During the third quarter, our strong adjusted EBITDA growth further reduced our leverage to only 0.9 times, earning us credit ratings upgrades from both S&P and Moody’s in November and cementing our current balance sheet as the healthiest in At Home’s history. From an everyday inventory standpoint, we improved our position as expected. Overall net inventory was down nearly 20% year-over-year versus down 30% at the end of Q2, marking continued substantial improvement in our inventory turns.

We ended the quarter with nearly $350 million of inventory, coincidentally the same level as Q3 fiscal 2019, but third quarter fiscal ’21 sales were nearly 50% higher. We plan to continue building our everyday inventory position throughout the fourth quarter and into fiscal ’22 to support strong customer demand. However, this year has clearly demonstrated that we can deliver a fantastic top line without proportionate inventory growth. So we expect that fiscal ’22 inventory turns and efficiency will be an improvement over past years.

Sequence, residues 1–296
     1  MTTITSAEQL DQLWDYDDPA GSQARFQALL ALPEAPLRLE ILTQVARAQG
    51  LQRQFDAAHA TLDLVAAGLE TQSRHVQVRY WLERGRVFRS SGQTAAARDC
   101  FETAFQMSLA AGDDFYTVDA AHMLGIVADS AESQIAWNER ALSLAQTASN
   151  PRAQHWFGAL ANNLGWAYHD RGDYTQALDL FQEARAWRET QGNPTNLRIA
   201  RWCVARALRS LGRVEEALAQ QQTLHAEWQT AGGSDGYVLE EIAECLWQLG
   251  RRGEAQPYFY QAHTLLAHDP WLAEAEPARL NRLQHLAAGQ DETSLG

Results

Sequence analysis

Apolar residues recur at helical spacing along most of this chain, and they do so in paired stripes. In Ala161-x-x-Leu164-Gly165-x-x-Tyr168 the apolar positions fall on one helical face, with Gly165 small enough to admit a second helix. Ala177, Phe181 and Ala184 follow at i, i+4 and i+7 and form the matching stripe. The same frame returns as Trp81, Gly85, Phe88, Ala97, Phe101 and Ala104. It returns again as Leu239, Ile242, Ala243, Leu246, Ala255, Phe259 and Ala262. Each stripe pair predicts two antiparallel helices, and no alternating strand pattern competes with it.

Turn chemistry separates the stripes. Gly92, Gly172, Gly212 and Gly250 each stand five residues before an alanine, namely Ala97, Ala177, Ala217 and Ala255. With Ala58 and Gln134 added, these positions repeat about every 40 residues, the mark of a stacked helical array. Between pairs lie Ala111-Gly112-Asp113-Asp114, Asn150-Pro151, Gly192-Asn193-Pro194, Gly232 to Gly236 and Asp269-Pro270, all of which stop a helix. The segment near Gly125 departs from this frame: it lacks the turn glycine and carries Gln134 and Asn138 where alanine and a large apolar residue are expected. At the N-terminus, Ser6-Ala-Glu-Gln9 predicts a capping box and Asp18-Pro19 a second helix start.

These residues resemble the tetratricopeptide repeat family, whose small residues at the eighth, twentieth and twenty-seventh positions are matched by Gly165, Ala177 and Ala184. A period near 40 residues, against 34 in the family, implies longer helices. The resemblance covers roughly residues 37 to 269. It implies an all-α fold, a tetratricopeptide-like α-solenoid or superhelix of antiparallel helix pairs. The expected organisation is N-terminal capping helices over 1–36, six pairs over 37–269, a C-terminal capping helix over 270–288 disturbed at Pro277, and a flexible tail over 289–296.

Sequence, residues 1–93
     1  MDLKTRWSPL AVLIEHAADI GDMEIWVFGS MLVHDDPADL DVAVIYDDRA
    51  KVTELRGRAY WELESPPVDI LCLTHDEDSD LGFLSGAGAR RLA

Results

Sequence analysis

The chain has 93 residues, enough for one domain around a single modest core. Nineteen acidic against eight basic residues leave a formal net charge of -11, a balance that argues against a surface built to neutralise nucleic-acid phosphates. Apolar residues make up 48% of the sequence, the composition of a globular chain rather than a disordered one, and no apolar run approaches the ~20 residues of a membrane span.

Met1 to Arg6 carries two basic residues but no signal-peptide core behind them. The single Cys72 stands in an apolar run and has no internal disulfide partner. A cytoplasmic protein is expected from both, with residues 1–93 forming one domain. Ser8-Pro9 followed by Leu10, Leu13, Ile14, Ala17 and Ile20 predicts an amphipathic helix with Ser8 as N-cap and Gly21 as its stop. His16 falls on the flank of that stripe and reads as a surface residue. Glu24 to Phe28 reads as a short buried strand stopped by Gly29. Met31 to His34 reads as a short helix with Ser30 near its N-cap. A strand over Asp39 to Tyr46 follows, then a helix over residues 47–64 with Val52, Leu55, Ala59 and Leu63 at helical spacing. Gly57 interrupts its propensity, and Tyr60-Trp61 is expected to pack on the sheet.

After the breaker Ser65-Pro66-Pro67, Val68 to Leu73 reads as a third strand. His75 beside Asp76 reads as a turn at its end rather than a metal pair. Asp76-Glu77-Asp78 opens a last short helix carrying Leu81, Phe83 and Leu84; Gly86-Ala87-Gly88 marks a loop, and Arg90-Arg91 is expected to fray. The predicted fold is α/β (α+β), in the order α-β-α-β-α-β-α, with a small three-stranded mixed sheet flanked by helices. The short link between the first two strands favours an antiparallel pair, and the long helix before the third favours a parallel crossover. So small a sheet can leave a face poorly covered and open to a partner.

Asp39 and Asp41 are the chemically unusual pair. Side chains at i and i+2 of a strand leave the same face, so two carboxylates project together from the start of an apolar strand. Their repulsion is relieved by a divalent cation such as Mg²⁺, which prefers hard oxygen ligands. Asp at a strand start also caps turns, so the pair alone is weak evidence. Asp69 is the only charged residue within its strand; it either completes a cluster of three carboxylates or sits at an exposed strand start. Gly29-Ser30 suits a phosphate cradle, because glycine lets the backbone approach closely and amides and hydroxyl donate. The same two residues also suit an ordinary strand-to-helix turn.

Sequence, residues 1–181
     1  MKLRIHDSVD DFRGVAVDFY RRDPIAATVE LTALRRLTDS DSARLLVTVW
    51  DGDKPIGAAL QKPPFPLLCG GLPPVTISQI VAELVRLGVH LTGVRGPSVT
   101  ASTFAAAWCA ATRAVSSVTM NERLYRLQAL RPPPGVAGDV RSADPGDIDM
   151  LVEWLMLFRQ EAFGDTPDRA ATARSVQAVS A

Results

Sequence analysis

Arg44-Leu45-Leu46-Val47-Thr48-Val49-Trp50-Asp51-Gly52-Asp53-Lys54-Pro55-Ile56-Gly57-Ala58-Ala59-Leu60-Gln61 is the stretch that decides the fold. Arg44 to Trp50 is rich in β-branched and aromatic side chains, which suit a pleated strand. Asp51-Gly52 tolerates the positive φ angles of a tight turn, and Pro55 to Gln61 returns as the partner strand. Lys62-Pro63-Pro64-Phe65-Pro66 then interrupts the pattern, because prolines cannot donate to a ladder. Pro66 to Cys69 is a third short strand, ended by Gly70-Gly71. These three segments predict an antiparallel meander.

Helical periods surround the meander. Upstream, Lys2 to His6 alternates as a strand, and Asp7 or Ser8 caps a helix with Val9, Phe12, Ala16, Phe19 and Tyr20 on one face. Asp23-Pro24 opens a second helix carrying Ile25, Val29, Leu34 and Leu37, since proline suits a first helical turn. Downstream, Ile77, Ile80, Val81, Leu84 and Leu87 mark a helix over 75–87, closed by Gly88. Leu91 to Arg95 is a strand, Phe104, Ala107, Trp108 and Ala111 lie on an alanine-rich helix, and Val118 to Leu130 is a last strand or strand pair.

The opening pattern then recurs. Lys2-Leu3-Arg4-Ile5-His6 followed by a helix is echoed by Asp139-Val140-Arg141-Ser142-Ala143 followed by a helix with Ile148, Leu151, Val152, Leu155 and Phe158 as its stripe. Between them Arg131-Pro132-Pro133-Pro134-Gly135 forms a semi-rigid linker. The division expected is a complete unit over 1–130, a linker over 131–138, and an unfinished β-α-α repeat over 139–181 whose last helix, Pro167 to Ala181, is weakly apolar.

In terms of Q4, while we’re not providing formal guidance, I’d like to take a moment to reiterate some of the dynamics we expect to play out this quarter. As Lee mentioned, the strong early momentum in our Christmas assortment and continued performance in everyday are exceeding our expectations and we now expect Q4 comps to be in the mid to high teens. From a gross margin standpoint, we expect year-over-year expansion from the same factors that generated margin improvement in Q3, fixed cost leverage, product margin expansion and lower freight expenses. Finally, our SG&A ratio expectations for the back half remain relatively unchanged from our pre-announcement. We still anticipate a low 20%s [Phonetic] SG&A rate for Q4.

As we round out fiscal ’21, our business has rebounded tremendously from the disruption caused by COVID-19. We’re pleased that the remarkable top and bottom line performance we’ve delivered since our stores were temporarily closed earlier this year should enable us to significantly increase incentive compensation for our eligible team members in both the home office and the field. We look forward to closing out a record year and we’re rewarding our team members for the strength, perseverance and dedication they’ve shown to At Home and especially to our customers during these unprecedented times.